John Bruer: ‘Growing up in poverty doesn’t damage your brain irretrivably’

US philosopher, John Bruer spoke in March 2014 at a Kent University conference, The Uses and Abuses of Biology, about neuroscience, parenting and family policy in Britain. John believes that babies need somebody to care for them, but it doesn’t matter who that person is; early experiences are important but probably do not set your patterns for life; and young children do not need any special stimulation in order to develop normally.

John Bruer. Photograph: Frantzesco Kangaris for The Guardian


At a time when parent has become a verb, such views verge on the heretical. And certainly that is the way his book, The Myth of the First Three Years, was greeted in some circles. Published in 1999, it was his response to what he saw as the growing influence of neuroscience on parenting and family policy in the US, spearheaded by the Clintons during the 1990s. It dismantled what he describes as the myths behind the misuse of neuroscience by politicians and policymakers. It saw him branded a rightwing mouthpiece. “Where I come from they see me as somewhere to the right of Attila the Hun,” he jokes.

Bruer believes that his criticisms still stand, 15 years after the publication of the book. And they apply increasingly to the UK, where policymakers are drawing on what he sees as the flawed US reports to promote early intervention with disadvantaged families. One of the most popular figures quoted by early interventionists is that “the human brain has developed to 85% of its potential by age three”. But Bruer points out that the figure applies to the “volume or weight of the adult brain. It says nothing about brain capacity.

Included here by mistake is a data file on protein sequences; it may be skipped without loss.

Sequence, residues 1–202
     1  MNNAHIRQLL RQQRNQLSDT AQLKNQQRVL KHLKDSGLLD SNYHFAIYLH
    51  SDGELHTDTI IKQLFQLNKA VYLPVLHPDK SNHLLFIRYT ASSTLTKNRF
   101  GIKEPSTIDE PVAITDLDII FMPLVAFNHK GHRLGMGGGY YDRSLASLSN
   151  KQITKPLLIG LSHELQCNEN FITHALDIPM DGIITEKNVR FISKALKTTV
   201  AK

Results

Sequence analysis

“But if such arguments are being used to support much-needed help for disadvantaged families, where is the harm? “Yes, people need help,” he says. “And we should do something to provide that help. But the basis for our claims should be reasonable. We have to avoid this implicit assumption that growing up in poverty damages your brain – irreversibly.” Bruer  says he is not arguing that experiences in early life do not have an impact, but says they are “probabilistic, not deterministic. And there are things that can have a considerable impact on changing whatever it was that occurred earlier in life.”

A simplistic focus may also skew public funding to the detriment of other priorities, he warns. “In the States there were people arguing (that) we might as well stop educational programmes in prison because there’s nothing we can do for these people, it’s too late”.

Bruer himself grew up in a working-class family in the then small town of Eau Claire, Wisconsin. His father was a postal worker, his mother stayed at home to bring up Bruer and his younger brother. It is clear that his own background has made him question prevailing assumptions. “I think there are these generalisations made by academics who have very little experience of what it’s like to be from a working-class home or an impoverished background, and they are attempting to impose these middle-class views on everybody, and I’m not sure that’s warranted,” he says.